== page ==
It's been four months since Taylor Swift won a landmark court victory and a symbolic $1 in the case of whether an ex-radio DJ grabbed her rear end in 2013. So what's happened since then?
For one, Swift pledged money to charities for sexual assault victims. And then there was the massive #MeToo movement spurred by women who came forward in October to allege that Harvey Weinstein and many others committed sexual assault. In the midst of all that, Swift's album Reputation came out in November.
In an interview with Time, which named Swift as one of the "Silence Breakers" honored as Person of the Year, the pop star says in her own words what that experience was like, and explains the aftermath of her case. It's her first interview since she gave a blunt, lauded testimony about being groped by former DJ David Mueller during a meet-and-greet.
"I was angry," Swift told Time about how she felt the day she testified. "My mom was so upset after her cross-examination, she was physically too ill to come to court the day I was on the stand. ... In that moment, I decided to forego any courtroom formalities and just answer the questions the way it happened," she said. "I’m told it was the most amount of times the word 'ass' has ever been said in Colorado Federal Court."
Swift said prepping for the case and testifying was draining, hard and confusing to some people who didn't realize she was the defendant in the case. The pop star said she chatted with Kesha, a musician who's had a long legal battle with alleged abuser Dr. Luke, about her situation, and it "really helped to talk to someone who had been through the demoralizing court process," Swift said.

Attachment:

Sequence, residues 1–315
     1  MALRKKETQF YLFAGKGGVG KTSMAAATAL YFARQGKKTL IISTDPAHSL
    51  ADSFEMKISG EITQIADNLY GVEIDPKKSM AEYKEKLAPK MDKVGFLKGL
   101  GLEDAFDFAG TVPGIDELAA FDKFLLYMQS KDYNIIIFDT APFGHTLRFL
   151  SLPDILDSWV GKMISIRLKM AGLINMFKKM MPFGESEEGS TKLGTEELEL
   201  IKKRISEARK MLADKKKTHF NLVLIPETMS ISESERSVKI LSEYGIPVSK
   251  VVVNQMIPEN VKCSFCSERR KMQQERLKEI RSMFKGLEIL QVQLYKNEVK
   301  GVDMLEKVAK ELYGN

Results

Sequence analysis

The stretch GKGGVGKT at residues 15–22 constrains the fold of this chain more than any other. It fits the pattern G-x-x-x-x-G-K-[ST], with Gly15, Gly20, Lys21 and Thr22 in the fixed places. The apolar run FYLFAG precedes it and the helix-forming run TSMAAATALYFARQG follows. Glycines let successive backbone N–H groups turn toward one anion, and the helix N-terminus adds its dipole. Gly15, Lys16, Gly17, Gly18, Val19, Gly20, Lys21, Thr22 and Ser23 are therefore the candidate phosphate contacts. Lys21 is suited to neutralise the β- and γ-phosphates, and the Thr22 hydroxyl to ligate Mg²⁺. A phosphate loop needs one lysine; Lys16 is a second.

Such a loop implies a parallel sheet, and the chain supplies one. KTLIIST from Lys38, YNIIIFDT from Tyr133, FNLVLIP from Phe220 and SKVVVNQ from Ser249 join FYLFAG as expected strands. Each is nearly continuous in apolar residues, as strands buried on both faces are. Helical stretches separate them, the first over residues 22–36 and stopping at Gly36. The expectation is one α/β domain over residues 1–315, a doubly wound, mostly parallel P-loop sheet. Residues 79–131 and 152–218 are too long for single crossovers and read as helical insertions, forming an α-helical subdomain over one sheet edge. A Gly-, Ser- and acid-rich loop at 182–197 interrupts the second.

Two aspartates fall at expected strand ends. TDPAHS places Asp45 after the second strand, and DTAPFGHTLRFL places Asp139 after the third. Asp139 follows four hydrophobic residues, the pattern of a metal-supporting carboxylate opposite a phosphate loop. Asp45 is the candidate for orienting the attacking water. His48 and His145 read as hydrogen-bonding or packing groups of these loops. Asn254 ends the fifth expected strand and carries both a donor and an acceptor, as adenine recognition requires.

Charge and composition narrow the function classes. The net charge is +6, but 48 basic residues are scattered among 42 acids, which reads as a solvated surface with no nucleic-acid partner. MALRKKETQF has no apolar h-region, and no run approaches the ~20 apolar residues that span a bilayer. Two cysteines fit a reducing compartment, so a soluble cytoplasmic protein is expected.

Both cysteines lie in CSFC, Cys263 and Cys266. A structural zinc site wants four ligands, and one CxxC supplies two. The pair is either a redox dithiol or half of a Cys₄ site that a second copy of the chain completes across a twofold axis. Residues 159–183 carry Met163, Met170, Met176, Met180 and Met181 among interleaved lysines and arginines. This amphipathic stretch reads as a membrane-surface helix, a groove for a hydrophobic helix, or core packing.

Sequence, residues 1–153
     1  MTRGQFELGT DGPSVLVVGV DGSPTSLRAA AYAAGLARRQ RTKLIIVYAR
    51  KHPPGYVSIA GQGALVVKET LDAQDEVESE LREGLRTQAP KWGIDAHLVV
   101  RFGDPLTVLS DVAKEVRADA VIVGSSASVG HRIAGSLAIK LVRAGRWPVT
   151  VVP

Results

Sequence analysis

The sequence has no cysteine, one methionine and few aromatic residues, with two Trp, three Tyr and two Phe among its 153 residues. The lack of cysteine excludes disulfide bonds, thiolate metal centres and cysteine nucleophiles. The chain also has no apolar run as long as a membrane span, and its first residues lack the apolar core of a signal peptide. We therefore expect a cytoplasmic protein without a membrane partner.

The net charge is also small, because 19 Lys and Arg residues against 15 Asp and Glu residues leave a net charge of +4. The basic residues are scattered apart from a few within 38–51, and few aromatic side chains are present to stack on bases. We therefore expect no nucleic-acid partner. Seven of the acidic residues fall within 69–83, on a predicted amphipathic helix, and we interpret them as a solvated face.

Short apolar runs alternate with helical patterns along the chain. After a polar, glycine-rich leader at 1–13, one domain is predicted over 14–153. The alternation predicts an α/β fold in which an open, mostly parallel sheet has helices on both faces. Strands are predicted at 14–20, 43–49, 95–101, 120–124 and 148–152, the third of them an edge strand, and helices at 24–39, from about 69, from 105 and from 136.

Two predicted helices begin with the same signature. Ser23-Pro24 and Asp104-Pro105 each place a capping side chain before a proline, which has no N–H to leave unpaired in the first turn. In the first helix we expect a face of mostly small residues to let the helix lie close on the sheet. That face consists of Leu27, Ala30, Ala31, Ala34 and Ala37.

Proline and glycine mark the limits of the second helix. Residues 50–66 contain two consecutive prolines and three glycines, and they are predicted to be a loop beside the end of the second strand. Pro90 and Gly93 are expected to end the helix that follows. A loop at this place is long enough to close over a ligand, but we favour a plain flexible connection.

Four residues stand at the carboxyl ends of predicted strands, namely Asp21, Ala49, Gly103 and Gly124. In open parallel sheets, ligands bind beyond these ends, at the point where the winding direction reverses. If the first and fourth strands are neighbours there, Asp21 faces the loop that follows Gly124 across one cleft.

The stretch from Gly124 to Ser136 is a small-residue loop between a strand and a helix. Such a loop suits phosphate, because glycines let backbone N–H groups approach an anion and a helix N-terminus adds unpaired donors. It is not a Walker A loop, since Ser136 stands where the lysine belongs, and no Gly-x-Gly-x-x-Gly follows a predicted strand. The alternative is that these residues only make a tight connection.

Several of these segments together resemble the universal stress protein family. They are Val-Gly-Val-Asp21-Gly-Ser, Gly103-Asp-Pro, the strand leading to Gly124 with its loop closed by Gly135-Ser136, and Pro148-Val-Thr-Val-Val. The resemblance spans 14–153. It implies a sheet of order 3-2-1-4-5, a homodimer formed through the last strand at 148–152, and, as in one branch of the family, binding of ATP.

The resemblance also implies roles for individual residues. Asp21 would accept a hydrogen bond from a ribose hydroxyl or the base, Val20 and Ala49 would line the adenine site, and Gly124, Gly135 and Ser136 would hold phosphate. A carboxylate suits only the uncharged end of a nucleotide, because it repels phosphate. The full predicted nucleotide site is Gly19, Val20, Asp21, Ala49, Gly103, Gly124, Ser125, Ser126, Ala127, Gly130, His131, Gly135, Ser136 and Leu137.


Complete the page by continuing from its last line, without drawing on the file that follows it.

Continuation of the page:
Swift's words of wisdom for those dealing with their own assault experience: Don't blame yourself.
"You could be blamed for the fact that it happened, for reporting it and blamed for how you reacted. You might be made to feel like you’re overreacting, because society has made this stuff seem so casual. My advice is that you not blame yourself and do not accept the blame others will try to place on you. You should not be blamed for waiting 15 minutes or 15 days or 15 years to report sexual assault or harassment, or for the outcome of what happens to a person after he or she makes the choice to sexually harass or assault you."
Swift said that "this moment is important for awareness," but even "though awareness is higher than ever about workplace sexual harassment, there are still so many people who feel victimized, afraid and silenced by their abusers and circumstances."
And, by the way, that $1 that the court awarded Swift in her case? "To this day (my abuser) has not paid me that dollar, and I think that act of defiance is symbolic in itself," she said.
Here's the complete interview.
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